Entrepreneurs, by definition, are passionate about the new product or service that they're working to bring to market. Nothing is more threatening to that passion than the realities of financing a business. And the truth is, financing is both the No. 1 thing entrepreneurs worry about and the last thing they should be worrying about. Their main focus should be growing their business and providing the best possible product. Of course, capital is a necessary evil.
In conjunction with Pepperdine University, my company just released the Pepperdine Private Capital Access Index, Fourth Quarter 2013 study, which showed that there has been a 5 percent rise in the demand for capital since last year. That's great news, because it means that more owners are optimistic about market conditions generally, and their own growth potential specifically. But entrepreneurs must remember that the keys to start-up success are still the same as they've always been: old-fashioned blood, sweat and tears … with a liberal dash of creative networking. Those who wait for the start-up ecosystem to provide them with all of the resources they need may never get a business off the ground.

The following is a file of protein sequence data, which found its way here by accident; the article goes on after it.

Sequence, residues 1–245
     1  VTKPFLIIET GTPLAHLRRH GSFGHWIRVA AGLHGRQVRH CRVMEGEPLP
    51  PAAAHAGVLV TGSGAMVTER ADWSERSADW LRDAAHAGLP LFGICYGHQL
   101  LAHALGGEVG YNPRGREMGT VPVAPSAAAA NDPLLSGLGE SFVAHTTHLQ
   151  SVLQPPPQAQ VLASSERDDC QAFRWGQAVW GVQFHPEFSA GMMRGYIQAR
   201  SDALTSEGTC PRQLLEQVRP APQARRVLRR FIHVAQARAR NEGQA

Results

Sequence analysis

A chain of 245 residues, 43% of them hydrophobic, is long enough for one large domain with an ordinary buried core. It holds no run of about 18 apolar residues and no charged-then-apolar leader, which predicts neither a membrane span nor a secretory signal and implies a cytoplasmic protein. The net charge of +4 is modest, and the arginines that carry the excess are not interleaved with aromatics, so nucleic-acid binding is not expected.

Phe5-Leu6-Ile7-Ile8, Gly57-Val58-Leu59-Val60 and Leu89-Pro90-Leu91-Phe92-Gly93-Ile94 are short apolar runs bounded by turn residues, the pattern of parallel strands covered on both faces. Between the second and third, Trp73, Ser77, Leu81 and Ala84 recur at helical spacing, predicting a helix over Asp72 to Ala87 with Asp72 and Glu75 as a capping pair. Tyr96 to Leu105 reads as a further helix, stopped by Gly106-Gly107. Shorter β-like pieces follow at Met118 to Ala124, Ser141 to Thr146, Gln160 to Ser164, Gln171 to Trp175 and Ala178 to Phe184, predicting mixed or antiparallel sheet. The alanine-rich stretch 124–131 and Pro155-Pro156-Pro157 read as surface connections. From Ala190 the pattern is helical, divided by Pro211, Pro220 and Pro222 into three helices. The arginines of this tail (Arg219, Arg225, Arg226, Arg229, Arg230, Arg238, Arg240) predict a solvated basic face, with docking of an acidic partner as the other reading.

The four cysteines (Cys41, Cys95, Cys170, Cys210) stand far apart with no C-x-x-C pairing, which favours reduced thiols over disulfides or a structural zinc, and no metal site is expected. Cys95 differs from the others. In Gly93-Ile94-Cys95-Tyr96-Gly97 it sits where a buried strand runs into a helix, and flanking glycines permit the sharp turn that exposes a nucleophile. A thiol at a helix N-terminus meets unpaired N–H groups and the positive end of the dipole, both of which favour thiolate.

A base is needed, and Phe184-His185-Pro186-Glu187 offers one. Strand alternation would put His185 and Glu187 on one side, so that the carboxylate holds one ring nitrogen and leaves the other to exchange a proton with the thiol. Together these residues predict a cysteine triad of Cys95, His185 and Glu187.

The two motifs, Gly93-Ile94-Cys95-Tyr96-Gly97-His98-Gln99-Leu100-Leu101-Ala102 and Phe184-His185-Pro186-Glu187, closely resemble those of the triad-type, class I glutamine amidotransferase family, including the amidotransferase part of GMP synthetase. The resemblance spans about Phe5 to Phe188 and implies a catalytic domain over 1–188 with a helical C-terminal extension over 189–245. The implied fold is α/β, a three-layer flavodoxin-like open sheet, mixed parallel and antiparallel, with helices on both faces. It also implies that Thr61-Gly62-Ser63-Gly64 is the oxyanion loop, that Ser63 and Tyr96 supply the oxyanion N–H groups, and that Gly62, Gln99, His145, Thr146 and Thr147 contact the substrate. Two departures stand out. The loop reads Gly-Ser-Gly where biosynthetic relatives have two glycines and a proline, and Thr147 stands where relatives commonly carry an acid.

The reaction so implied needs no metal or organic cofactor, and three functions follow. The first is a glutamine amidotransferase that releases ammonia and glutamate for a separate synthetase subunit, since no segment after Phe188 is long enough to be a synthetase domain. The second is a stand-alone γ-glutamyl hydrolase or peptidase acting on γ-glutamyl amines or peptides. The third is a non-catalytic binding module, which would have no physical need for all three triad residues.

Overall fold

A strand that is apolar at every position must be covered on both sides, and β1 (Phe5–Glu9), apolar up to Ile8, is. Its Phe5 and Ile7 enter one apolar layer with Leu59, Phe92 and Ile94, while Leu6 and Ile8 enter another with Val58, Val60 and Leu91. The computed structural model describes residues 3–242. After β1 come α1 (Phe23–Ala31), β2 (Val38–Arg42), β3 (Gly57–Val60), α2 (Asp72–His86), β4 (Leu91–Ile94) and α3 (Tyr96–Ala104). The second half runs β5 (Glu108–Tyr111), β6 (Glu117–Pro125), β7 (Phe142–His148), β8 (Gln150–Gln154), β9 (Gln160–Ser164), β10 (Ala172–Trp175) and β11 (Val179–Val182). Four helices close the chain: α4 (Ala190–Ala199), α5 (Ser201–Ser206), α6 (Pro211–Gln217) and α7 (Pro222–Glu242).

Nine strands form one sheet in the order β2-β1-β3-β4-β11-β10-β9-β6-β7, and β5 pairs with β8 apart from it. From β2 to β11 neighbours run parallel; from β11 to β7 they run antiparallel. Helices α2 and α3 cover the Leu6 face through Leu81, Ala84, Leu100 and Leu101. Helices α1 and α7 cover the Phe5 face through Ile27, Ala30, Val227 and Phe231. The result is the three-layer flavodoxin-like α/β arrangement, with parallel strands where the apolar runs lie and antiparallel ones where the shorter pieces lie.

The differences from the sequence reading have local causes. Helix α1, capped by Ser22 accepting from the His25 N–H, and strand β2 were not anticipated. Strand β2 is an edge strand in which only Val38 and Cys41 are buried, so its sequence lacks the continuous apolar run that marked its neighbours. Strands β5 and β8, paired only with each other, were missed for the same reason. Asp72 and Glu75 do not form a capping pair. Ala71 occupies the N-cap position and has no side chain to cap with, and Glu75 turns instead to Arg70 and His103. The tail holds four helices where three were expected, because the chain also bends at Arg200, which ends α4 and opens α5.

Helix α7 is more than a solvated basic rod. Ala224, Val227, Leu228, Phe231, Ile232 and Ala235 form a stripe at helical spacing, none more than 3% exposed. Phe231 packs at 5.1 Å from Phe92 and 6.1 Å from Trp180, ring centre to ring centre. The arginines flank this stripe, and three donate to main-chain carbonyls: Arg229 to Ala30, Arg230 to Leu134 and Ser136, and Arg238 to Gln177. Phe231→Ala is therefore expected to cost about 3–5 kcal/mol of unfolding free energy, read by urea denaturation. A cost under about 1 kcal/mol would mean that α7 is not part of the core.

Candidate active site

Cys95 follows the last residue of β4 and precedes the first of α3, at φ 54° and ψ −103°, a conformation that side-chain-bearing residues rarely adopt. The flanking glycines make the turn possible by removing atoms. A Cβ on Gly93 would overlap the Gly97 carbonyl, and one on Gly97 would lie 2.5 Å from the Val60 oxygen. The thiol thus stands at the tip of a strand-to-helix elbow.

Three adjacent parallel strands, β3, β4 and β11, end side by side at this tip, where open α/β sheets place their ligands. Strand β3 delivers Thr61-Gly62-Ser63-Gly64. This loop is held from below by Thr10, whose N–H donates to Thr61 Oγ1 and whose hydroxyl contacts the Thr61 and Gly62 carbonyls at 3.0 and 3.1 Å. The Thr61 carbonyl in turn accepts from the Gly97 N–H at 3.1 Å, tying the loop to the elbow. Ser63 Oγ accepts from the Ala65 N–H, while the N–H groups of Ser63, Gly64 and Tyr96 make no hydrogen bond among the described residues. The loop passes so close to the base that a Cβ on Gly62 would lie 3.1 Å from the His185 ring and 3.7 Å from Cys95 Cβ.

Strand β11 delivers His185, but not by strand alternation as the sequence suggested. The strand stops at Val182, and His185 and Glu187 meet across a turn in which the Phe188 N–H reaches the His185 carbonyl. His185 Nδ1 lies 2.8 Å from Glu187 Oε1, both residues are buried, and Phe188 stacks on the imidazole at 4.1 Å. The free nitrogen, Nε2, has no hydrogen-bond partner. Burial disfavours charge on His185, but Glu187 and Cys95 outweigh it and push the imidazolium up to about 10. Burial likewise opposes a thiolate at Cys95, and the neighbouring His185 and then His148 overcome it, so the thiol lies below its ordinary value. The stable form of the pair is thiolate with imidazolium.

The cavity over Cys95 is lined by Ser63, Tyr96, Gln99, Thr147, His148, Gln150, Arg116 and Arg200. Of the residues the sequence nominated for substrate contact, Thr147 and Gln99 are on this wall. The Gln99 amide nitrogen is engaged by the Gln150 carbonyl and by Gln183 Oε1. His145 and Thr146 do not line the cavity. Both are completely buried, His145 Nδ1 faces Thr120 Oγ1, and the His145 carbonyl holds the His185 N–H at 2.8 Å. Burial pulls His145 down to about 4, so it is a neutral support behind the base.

Entrepreneurs should break their financing needs and opportunities into two buckets to create their own mini-ecosystem where their start-up can thrive: One involves creative personal financing, and the other taps "other people's money." It is important for entrepreneurs to focus on using their own money before looking for outside support.
That means using every bit of one's own personal resources for the new venture. It means working for free and not taking a salary until the company is profitable. It means leveraging your own capital for your business, whether taking on credit card debt, using personal savings, borrowing against a 401(k) or leveraging home equity. These methods are the simplest source of capital and show personal investment in the business—a requirement for making others comfortable enough to invest.
Creative personal financing is a little more nuanced. It involves begging, borrowing, pleading, and trading (no stealing, please); above all, it means using your passion to secure additional capital resources. Many an entrepreneur has gained buy-in from friends and associates willing to lend their time with no upfront cost. Equity can be offered in exchange for labor. Credit terms can be negotiated from vendors: Perhaps Dell will provide computers with interest-free financing or a supplier can offer extended terms on a first order. Something as simple as asking an established business owner to share contacts, or a commercial landlord to provide discounted temporary space, can make the difference between success and failure, so the importance of building or becoming part of a network of start-up-friendly individuals and businesses cannot be overstated.
(Read more:Crowdfunding 2.0: A new era for start-up finance)